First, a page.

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This map shows London’s filthiest cashpoints

London's dirtiest cashpoints

[Click to see a full-sized version of the map.]

Bringing a gruesome new meaning to ‘dirty money’, a new study has revealed that many of London’s cash machines are festering dirt-traps. 

The personal finance blog Quid Corner swabbed some of the most heavily-used cash points around the capital, checking keypads, touchscreens and card readers for bacteria. For comparison, researchers also tested various other objects around London, like stair bannisters in tube stations, poles on underground trains and train arm-rests. The result is this map, which shows the cleanest and dirtiest places to get cash out around the city.

A total of 27 cash machines were tested using an RLU reader, in busy areas including Shepherd’s Bush, Shoreditch, Camden Market and Oxford Street. The reader tests swabs for adenosine triphosphate, or ATP – the chemical used by bacteria to process energy. It then gives a final RLU score: the higher the number, the dirtier the surface.

The grim news is that multiple ATMs around London are actually harbouring more bacteria than a door handle in a public loo. Two particularly grubby cashpoints (located at 420 Uxbridge Road and 45 The Strand, should you wish to avoid them) were dirtier on average than a toilet seat. The study also revealed that the grimiest part of a cash machine is the keyboard.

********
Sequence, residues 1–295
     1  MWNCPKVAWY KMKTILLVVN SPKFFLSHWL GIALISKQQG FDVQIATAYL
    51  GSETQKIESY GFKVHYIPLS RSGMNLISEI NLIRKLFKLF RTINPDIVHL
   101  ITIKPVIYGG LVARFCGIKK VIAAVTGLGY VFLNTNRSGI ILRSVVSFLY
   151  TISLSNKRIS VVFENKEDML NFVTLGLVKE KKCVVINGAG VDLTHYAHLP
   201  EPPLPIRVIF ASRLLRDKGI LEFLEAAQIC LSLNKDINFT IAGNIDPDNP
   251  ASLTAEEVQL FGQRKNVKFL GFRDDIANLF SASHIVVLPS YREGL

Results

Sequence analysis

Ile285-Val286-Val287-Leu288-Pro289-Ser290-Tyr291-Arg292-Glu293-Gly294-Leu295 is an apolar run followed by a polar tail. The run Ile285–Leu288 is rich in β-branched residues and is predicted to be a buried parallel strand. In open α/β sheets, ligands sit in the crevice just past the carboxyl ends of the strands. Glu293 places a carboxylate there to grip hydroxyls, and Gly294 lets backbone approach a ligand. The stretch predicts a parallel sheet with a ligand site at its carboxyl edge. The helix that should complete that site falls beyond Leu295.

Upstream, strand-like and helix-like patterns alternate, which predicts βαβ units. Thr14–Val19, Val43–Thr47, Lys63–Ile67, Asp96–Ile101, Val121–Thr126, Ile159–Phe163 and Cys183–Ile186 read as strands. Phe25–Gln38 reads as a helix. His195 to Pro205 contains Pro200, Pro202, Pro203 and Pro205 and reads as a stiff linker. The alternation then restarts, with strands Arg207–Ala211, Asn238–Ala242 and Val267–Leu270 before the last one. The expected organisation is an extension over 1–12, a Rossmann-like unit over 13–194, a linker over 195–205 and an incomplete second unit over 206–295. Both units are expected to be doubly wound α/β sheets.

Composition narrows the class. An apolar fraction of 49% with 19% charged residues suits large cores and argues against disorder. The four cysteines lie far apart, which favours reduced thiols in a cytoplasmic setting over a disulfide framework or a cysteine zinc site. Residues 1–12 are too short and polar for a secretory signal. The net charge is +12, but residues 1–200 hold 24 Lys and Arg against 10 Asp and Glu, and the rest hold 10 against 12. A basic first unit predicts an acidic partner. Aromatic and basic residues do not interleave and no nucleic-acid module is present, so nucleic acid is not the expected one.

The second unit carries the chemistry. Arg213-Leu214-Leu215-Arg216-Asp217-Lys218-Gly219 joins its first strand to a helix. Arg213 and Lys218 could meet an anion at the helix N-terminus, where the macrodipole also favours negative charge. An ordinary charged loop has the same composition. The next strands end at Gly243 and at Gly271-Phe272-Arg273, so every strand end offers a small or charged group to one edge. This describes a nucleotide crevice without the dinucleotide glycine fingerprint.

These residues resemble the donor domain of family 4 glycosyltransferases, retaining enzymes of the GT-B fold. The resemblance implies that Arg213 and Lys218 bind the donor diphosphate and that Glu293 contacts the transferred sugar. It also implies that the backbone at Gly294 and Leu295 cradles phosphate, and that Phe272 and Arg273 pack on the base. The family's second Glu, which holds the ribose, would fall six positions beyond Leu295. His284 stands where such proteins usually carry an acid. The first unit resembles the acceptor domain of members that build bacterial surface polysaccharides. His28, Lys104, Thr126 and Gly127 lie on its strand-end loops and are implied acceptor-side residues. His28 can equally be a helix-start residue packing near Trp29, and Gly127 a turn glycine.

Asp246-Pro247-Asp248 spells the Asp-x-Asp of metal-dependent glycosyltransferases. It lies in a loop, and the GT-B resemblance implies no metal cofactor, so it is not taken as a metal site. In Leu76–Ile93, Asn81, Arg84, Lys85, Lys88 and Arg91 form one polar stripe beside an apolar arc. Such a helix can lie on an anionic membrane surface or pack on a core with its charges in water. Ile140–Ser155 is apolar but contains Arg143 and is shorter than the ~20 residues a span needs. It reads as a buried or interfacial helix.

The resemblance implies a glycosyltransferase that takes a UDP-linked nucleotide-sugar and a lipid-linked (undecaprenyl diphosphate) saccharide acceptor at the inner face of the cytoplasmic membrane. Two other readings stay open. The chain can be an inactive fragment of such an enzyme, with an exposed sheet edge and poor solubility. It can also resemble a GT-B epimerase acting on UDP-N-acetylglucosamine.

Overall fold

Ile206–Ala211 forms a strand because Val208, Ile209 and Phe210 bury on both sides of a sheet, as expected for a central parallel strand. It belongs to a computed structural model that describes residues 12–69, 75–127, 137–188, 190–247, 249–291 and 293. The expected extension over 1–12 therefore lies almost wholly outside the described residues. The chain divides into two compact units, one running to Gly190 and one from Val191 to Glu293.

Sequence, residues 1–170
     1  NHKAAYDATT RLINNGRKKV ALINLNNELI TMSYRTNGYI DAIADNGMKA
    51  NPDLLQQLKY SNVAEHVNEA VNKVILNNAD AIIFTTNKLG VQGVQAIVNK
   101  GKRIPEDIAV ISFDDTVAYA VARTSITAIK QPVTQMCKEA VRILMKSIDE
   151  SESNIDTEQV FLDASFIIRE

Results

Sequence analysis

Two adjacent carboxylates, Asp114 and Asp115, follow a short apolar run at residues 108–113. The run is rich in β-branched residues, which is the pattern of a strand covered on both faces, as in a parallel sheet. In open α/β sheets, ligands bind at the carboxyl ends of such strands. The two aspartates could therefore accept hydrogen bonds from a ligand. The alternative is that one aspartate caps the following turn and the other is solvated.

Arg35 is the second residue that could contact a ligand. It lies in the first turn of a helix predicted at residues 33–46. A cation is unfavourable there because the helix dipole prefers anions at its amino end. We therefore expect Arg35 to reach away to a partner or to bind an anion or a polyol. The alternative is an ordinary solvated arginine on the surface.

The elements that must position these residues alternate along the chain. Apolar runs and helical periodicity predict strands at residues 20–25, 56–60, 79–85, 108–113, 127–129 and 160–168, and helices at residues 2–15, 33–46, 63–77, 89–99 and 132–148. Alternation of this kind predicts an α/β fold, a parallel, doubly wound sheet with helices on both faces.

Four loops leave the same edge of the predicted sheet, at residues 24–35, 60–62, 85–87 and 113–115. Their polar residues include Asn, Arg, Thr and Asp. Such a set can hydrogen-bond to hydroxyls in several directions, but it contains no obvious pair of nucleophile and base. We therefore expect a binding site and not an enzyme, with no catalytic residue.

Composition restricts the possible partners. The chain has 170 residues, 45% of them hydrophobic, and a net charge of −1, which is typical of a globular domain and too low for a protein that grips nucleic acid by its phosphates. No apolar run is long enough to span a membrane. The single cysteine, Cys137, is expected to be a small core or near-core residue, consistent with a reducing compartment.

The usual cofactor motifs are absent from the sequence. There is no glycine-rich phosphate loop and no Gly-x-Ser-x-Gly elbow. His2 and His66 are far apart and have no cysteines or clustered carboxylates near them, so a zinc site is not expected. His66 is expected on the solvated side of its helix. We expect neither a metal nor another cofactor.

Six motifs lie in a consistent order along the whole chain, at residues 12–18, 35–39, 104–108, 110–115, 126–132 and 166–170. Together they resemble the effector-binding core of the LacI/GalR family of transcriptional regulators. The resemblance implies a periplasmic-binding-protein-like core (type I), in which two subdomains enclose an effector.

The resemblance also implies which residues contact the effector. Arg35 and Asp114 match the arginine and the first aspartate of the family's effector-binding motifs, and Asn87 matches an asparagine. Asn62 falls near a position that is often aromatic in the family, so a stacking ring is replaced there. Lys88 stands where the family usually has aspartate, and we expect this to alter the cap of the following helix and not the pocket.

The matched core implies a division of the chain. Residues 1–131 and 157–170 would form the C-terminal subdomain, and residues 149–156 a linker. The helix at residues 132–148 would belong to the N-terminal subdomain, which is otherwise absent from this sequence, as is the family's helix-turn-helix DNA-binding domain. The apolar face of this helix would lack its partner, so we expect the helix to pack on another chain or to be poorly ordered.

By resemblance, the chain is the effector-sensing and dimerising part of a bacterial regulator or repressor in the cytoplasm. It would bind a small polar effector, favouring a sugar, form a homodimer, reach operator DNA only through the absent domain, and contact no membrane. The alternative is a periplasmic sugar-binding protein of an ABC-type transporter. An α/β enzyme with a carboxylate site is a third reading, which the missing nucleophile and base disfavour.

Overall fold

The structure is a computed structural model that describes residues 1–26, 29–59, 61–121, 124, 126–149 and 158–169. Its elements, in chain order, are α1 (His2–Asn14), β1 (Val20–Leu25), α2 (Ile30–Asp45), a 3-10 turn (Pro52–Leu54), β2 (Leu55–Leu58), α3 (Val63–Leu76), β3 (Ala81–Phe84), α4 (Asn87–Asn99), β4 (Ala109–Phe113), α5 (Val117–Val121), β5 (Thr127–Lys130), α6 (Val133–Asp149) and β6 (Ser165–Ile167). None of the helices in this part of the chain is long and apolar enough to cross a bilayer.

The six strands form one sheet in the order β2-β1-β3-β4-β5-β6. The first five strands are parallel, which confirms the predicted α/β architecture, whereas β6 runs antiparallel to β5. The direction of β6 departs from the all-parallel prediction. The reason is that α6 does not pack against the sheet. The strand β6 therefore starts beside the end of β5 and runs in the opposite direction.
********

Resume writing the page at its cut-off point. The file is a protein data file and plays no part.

Researchers didn’t unearth any hidden hygienic gems – but the cleanest reading came from a second ATM on Uxbridge Road. Compared with its grubby neighbour at number 420 (which scored an RLU reading of 1049.75) this one scored a measly 166.5 – roughly equivalent to the amount of bacteria on a seat at a train station. The most consistently mucky area was Piccadilly Circus.

The good news is that not all bacteria are dangerous – and in fact, exposure to some types can help to protect us from diseases. The problem is, there’s just no way of telling what’s lurking in the crevices of an ATM. Sure, the keyboard might be covered in harmless bacteria, but equally, that nasty tummy bug going around the office might be all over the screen.

So slather on the anti-bac gel next time you get a tenner out, that’s our advice.

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